You Should Not Ignore Housing Data

The ironically named SmartMoney had a blog post yesterday raising the issue Should You Ignore Housing Data? That depends. Houses for Sale Signs

You should keep tabs on the health of the housing market if one of the following is true:

a) You are a person involved in the real estate business, including brokers, bankers, developers, and the construction trades.

b) You own, or hope to own, a house.

c) You rent real estate.

d) You have a financial interest in the health of the US economy, for example if you work in the US or any of its major trading partners.

To be fair, the post does not claim that the market for houses is not important, only that the data is too hard to understand, so you should just forget about it and go back to watching reality TV.

Okay, I added in the TV bit. For illustration.

Yesterday S&P released the monthly Case-Shiller Home Price Index numbers. It was down “nearly 3%” for the year ended March ‘12. And yet last month the National Association of Realtors reported that median house sale prices for the same period were up 2.5%. Apparently, the contrast between these two is enough to give up on tracking house prices. Too confusing. Brain hurt.

Alternatively, a person could take the time to understand how the two sets of numbers are calculated, decide that the Case-Shiller was useful and that the NAR is useless, and carry on.

The NAR number comes from a simple calculation. Take all the existing (that is, not new construction) houses sold in a month. Find the median price. Publish.

There is something to be said for the virtue of simplicity. But in this case, if your interest is in which way the value of the nation’s housing stock is going, elegance does not imply practicality.

The goal is to estimate the current value of houses in the US, relative to previous values. The problem is that all you have to work with are prices for the comparatively small subset of American houses that happened to be sold last month. If that sample of houses were fair and unbiased, for example if the government randomly selected 100,000 houses each month and auctioned them off, then the NAV number would be a fairly accurate way to estimate the value of houses overall.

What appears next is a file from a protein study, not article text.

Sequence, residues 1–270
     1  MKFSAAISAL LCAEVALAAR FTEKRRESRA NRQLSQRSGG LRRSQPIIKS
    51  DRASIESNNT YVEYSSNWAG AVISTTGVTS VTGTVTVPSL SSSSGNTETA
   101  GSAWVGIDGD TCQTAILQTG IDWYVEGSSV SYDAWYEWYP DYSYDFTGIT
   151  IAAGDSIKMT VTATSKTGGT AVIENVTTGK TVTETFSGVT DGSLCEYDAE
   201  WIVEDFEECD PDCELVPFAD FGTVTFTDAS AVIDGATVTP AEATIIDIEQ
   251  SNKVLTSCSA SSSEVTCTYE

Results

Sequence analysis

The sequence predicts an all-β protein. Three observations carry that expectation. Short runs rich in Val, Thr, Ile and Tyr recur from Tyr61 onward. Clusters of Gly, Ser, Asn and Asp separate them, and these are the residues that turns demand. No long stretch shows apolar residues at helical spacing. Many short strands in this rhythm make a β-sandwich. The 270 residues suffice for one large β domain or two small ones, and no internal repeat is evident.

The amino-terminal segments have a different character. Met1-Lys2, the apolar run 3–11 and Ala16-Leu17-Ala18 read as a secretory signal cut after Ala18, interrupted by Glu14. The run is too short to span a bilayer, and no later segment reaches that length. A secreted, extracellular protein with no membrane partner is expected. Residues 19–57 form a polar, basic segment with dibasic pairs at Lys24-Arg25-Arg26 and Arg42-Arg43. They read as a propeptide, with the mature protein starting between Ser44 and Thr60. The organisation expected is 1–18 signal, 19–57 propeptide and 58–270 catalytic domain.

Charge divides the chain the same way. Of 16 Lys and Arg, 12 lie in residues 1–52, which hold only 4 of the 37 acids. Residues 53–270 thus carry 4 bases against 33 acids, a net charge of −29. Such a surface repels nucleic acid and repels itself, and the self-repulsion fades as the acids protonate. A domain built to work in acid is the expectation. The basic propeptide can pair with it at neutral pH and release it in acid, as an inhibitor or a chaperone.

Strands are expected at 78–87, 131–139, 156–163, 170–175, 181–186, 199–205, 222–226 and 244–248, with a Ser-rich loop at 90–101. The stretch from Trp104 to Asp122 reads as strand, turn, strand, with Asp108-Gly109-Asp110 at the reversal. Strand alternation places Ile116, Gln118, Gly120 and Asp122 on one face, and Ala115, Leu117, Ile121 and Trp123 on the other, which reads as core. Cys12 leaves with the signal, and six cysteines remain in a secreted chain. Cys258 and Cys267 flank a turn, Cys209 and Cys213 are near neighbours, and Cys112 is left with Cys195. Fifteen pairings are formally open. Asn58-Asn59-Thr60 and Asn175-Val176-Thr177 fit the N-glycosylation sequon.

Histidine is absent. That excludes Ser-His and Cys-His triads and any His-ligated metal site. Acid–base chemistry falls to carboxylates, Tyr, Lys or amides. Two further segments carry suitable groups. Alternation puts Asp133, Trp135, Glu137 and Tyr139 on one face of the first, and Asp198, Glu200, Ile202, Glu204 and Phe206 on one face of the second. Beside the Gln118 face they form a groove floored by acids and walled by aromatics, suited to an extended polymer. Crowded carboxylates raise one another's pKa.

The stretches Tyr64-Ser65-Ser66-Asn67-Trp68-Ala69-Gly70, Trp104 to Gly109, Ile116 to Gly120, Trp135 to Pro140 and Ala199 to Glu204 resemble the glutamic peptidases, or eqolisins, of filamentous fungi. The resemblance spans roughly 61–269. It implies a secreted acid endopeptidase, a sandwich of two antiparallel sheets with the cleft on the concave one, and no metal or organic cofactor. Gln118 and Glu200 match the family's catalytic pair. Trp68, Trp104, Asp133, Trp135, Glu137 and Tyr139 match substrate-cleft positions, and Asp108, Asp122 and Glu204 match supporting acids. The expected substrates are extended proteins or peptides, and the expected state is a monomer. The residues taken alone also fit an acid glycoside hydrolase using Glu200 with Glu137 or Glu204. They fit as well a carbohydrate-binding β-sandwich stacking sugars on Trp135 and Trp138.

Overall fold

Of course, the houses sold in one month is not anything like an unbiased sample of the housing stock. In any given month more or fewer high-end or low-end houses could change hands. If more $500K houses are sold this month than last, even if those houses only got sold because they were marked down from $1M, the NAR median price will show an increase.

It would be as if we calculated stock market indices based on the average price of all shares traded during a day. On days in which high-priced stocks such as Apple and Google had news and thus high trading volumes, the index would be up sharply.

Stock market indices are actually based on looking at each individual stock in the index, comparing the latest price, that is, the price from the most recent trade, to the last price from the previous day. That will give you a return number for each stock. If you take a (weighted) average of those returns you can get the return for the index.

The Case-Shiller Index is based on the same logic. For each house that was sold, you compare the price on the sale to the price for that particular house the previous time it was sold. Translating from those returns, which are for a variety of time periods ending in a single month, into an average return number for that month, involves some nasty math. (Which math is Karl Case’s biggest contribution to the field of economics.) But the core idea is simple enough for even SmartMoney authors to grasp. Compare the prices of this month’s sold houses to their own previous prices, not to the prices of last month’s sold houses.

(Or maybe not. A close reading of the SmartMoney post makes it clear that the author, typically, does not really understand her material. After a half-hearted explanation of the differences between the indices, she ends by telling us that “experts say” that the Case-Shiller might be more useful for “higher-priced homes.” Huh?)

As I pointed out the other day, in terms of monthly payments Houses Have Never Been Cheaper. That is still roughly true, although as it happens the March 2012 BMA Housing Cost Index was up a tad on February, to 4505 from 4479. Interest rates were up just a bit, to 3.95% from 3.89%, and although the Case-Shiller 10-city composite was down on the month, it was down only 0.09%.

But wait, I can hear you thinking, I thought Case-Shiller was down nearly 3%. Well, on a year on year basis, March 2012 compared to March 2011, it is down 2.85%, which a person could call nearly 3% if they are the sort of person who thinks 19 is practically 20. Most of the decline was in the second half of last year. The year-on-year was –3.70% in February.

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